Embodied Ecological Impacts

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The impact of the materials we use in our built environment is not limited to carbon emissions. This knowledge hub explores the global ecological impacts of the building materials we use in the UK, and how to avoid harm and maximise nature-positivity.

We are in the middle of a global biodiversity crisis, with a 69% decline in global biodiversity populations since 1970. Biodiversity is increasingly being considered within the built environment, alongside the recognised need for green and healthy urban environments. However, worldwide only 1% of our planet’s surface area is used for buildings and infrastructure, so focusing on the site level alone will not be enough to tackle our global nature and biodiversity crisis.

The impacts of the construction industry reach beyond the footprints of our towns and cities and they extend well beyond country borders. In a world of globalised trade and supply chains, many negative impacts are transferred to sites and areas remote from the building site, such as deforestation, water scarcity, pollution, and even violent conflicts. These can be hard to identify in a fragmented, global industry that often lacks transparency.

We need to consider the full picture of the way we impact nature via the ways we do business. This includes ecological impacts as a result of material extraction and within our supply chains. This is what we call embodied ecological impacts.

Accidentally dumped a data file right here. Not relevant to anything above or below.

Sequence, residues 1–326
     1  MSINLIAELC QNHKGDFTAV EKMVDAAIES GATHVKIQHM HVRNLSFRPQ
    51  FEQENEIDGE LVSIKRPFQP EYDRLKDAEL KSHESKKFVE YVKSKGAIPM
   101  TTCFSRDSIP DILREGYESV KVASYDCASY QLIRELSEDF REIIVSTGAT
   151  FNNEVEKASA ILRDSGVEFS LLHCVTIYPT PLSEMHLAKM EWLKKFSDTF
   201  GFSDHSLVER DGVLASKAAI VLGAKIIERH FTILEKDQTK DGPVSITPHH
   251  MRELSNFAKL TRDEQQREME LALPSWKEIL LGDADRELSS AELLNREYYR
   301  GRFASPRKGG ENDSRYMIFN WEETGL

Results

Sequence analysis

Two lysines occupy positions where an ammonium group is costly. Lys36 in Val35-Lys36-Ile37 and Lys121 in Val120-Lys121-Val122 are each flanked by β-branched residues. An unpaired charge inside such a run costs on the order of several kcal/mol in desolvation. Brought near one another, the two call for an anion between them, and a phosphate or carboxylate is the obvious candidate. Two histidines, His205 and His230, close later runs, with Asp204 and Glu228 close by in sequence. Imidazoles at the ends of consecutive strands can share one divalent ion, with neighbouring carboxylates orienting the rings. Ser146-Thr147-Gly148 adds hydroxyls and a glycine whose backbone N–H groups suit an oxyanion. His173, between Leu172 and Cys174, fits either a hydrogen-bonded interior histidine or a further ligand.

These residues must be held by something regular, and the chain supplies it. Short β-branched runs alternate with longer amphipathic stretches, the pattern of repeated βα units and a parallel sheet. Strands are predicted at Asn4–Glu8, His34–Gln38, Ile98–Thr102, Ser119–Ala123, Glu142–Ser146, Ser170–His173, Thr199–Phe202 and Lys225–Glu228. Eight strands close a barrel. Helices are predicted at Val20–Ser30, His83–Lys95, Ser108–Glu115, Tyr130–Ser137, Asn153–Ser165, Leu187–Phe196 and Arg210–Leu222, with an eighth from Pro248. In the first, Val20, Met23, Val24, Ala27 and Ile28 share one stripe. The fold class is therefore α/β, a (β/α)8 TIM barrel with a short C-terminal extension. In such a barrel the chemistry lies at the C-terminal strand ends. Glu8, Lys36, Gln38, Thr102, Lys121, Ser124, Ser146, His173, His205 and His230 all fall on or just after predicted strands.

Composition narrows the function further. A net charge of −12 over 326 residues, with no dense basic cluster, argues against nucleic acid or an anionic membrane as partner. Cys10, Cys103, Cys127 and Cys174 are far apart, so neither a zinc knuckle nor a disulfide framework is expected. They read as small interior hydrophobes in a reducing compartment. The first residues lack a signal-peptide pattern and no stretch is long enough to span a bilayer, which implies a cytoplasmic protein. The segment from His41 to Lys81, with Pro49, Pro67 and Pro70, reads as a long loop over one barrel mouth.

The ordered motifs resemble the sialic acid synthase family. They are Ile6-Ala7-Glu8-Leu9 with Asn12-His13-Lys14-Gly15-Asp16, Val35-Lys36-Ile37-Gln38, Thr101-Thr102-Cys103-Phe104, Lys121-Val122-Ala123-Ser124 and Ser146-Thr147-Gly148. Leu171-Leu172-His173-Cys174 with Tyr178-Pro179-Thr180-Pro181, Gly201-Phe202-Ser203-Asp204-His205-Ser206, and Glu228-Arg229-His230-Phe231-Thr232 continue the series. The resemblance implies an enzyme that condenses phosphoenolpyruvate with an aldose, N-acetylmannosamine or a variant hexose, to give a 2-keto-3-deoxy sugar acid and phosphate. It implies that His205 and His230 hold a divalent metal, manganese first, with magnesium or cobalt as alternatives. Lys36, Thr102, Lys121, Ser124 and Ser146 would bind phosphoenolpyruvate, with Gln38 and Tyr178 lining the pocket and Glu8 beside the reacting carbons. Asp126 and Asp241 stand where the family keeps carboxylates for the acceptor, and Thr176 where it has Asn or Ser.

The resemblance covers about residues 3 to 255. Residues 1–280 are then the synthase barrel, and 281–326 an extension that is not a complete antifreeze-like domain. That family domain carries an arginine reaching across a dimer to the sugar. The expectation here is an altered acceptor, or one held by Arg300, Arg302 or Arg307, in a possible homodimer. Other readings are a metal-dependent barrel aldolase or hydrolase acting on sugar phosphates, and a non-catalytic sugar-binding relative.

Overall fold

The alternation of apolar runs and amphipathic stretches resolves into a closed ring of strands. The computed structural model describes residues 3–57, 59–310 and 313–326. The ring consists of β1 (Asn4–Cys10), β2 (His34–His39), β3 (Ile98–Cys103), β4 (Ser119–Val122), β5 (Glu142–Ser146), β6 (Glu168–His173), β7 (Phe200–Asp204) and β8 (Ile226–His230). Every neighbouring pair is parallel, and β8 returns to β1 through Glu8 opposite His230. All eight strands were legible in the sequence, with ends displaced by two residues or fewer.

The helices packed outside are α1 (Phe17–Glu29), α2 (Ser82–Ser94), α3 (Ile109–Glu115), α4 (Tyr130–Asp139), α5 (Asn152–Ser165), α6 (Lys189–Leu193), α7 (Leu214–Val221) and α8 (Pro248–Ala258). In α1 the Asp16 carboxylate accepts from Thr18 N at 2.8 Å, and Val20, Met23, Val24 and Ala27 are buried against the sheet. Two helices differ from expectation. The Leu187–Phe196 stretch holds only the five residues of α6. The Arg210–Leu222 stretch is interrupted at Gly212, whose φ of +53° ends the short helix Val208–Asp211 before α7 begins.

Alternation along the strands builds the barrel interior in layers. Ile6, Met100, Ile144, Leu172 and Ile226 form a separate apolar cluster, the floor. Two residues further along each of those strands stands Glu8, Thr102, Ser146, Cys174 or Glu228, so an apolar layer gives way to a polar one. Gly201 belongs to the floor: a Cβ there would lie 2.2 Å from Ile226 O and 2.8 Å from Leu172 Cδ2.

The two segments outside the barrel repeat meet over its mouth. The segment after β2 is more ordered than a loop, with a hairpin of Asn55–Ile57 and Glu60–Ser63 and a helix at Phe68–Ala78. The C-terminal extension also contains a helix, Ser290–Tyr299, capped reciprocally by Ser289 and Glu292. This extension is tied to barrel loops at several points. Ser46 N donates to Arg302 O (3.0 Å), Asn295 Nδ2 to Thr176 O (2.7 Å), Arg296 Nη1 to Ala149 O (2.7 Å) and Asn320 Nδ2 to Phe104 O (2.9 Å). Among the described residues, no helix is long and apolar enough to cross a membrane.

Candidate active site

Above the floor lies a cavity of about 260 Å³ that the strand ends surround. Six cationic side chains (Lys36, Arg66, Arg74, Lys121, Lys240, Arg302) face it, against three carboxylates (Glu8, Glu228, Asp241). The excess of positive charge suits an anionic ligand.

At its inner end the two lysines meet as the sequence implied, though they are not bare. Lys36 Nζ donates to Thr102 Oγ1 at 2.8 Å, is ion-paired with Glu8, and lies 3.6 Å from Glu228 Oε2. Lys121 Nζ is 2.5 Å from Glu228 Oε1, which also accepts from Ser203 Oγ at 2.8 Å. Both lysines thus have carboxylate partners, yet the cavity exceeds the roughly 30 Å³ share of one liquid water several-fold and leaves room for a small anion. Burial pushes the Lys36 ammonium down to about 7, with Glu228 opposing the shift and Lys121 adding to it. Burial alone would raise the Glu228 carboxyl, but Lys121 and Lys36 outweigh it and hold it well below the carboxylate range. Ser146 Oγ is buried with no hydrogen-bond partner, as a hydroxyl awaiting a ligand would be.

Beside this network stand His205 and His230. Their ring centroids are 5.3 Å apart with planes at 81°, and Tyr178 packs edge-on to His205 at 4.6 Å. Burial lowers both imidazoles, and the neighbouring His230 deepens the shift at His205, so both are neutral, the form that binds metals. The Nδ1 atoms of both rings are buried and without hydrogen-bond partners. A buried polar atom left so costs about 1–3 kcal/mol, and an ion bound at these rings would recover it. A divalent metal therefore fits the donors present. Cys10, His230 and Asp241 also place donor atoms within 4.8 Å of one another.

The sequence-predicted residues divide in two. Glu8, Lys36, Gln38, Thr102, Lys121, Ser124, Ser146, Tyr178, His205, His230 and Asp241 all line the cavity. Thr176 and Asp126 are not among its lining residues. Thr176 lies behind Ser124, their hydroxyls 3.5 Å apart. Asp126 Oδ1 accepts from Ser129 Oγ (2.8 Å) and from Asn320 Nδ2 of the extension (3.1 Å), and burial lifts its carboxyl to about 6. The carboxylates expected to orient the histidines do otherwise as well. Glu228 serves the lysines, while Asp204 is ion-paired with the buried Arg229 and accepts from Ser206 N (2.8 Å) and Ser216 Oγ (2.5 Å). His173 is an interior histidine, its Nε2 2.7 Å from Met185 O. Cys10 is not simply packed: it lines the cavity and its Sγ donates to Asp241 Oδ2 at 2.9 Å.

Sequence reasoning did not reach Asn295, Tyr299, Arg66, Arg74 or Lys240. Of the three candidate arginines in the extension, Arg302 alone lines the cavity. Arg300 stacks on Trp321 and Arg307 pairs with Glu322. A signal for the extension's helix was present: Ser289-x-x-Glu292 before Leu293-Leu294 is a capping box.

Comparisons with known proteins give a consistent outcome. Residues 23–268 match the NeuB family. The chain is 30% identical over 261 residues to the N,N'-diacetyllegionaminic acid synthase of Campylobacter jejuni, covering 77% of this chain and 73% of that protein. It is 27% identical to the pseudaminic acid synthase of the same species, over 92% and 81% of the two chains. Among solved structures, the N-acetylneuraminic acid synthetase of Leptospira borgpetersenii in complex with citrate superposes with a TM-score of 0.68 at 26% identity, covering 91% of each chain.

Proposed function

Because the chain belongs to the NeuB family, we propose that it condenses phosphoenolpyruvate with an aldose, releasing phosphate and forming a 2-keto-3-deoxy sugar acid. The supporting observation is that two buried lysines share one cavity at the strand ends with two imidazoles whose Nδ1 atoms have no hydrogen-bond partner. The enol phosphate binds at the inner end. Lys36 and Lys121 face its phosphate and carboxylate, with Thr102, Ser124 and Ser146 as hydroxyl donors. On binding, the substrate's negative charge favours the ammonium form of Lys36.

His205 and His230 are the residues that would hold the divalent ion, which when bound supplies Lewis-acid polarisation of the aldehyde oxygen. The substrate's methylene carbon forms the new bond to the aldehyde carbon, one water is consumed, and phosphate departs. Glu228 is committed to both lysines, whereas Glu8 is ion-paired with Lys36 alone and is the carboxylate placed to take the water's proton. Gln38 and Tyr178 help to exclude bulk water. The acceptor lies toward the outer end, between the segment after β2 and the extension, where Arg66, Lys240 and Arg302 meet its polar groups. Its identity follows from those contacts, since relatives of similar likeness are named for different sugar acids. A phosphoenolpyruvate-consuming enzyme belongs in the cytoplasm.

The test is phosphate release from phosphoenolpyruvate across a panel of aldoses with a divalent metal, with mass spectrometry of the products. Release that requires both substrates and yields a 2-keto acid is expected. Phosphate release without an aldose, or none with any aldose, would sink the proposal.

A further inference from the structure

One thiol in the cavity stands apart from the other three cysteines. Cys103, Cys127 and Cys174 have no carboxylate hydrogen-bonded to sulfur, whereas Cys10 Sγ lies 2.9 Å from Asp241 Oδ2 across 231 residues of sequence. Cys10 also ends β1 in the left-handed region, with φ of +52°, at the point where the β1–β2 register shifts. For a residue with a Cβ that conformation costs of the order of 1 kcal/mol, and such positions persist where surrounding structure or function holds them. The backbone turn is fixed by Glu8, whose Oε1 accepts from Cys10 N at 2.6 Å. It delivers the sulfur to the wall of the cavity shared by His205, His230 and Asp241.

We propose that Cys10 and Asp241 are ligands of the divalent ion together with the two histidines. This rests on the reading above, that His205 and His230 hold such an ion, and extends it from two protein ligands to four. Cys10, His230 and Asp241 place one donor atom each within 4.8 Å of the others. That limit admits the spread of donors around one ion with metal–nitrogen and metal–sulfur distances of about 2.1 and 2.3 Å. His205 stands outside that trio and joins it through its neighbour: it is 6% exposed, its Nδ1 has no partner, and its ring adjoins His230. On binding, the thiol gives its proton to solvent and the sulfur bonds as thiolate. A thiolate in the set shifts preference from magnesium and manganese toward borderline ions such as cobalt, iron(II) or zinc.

Introduction & Context

What do we mean by Embodied Ecological Impacts?

Similar to embodied carbon, embodied ecological impacts are caused by the resource extraction and manufacturing process, such as the production and transportation of raw materials and the disposal of unused materials. These impacts occur offsite, mainly via materials extraction and the supply chain. Local, on-site impacts of the built environment on biodiversity are not included in this definition.

Ecological impacts refer to the effects of human activities on the natural environment, ecosystems, and biodiversity. These impacts can be both positive and negative, and they may be direct or indirect, depending on where you sit in the supply chain. The work presented here focuses mainly on negative and indirect ecological impacts.


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